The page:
After giving Lexington-based Roeding Insurance a 90-day trial run in order to compare its service and rates to that of longtime insurer Chenault and Hoge, the Frankfort City Commission voted 4-1 Monday night to take its business back to St. Clair Street.
The decision was the right one, but the controversy illustrated a clear need for better communication by elected officials with city staff, who believed they were working in the best interest of taxpayers.
After months of unnecessary conflict, the vote may have felt like a hollow victory for Chenault and Hoge, which had the plug pulled on its 54-year relationship with City Hall in October.
At the onset of Monday night's discussion, Commissioner Katrisha Waldridge said the two companies were similar but added that what swung her vote was city staff's assessment of how they worked with each agency. She told fellow elected officials that “there were huge differences in those and that’s what means the most to me,” but she did not offer details.
“The city manager’s position in hiring someone new was the best decision for our city,” she said.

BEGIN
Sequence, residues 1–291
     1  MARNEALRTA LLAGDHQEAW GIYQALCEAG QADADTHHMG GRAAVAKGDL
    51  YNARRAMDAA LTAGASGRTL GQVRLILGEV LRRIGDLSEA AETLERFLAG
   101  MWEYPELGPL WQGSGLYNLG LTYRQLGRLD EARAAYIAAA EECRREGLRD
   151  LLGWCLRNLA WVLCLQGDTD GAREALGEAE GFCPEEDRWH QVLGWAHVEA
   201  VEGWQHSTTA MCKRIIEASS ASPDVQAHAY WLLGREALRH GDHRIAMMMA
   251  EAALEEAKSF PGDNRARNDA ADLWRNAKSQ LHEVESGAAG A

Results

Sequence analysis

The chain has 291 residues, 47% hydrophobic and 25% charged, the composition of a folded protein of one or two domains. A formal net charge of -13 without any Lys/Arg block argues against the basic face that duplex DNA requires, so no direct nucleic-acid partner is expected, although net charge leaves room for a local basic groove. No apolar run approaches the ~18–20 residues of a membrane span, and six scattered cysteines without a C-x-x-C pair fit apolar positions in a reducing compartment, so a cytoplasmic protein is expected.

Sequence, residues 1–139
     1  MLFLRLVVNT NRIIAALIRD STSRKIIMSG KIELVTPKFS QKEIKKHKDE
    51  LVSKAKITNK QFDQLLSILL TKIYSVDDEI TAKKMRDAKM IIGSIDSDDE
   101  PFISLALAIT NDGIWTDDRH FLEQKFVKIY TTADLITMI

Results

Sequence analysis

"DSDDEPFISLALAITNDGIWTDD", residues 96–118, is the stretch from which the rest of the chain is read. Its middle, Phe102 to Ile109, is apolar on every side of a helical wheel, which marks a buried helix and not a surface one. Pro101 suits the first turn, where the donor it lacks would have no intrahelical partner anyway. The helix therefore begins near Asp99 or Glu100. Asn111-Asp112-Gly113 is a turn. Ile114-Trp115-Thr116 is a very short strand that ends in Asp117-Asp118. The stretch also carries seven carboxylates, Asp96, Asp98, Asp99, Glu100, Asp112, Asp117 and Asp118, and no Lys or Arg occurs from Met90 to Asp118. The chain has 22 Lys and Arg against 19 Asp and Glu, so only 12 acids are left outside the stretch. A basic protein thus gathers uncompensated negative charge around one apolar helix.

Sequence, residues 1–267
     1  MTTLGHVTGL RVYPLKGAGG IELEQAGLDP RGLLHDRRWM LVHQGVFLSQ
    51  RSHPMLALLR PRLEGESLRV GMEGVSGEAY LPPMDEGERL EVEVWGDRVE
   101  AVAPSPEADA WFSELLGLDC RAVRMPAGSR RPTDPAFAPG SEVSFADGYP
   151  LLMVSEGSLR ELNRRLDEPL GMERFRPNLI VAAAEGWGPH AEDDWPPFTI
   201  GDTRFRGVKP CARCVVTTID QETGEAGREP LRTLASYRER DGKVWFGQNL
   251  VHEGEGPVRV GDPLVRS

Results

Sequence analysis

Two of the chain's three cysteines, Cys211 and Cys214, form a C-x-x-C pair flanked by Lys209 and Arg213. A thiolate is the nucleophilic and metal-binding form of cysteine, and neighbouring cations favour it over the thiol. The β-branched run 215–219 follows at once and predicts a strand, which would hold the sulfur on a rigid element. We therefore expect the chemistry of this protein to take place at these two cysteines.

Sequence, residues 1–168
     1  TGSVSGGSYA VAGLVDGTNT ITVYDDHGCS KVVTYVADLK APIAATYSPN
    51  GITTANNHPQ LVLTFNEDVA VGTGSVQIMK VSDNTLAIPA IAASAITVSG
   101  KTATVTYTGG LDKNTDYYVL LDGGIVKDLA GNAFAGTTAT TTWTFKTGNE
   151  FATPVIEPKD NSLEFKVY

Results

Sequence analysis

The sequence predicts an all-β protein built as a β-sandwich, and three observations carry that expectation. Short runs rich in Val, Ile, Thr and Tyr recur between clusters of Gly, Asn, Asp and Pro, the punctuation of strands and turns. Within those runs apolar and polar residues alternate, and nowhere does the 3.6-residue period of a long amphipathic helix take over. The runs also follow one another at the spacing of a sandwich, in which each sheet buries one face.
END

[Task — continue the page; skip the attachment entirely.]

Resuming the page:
Prior to Monday’s meeting City Solicitor Laura Ross was tasked with compiling answers to 55 questions posed by elected officials about both insurance providers and the process used in the original decision to switch agencies. Ross printed out the answers and put them in binders for the commission to review.
The State Journal is in the process of obtaining a copy of the materials in the binders, but, according to Waldridge, one anonymous staff member stated that Roeding was better prepared and offered more services than Chenault and Hoge.
While Waldridge said she had no qualms with either insurance agency and that her decision came down to “integrity," she did not elaborate further.
Fellow Commissioner Eric Whisman called Waldridge out, saying the binders’ contents contain “one glowing review, but there were many that had accolades of either.”
A "buy local" philosophy by elected leadership is admirable and appreciated, but it should have been communicated a year ago when the current commission was seated. Such clear direction in the future will save time and energy for a staff otherwise charged with seeking the best deal for taxpayers — and will head off the need for micromanagement and second-guessing after decisions are made.
The outcome is the right one: Hometown Chenault and Hoge will be the city’s agent of record through Oct. 20, 2021. But the turmoil leading up to Monday's decision was unnecessary and a disservice to both insurance agencies and to commission-staff relations.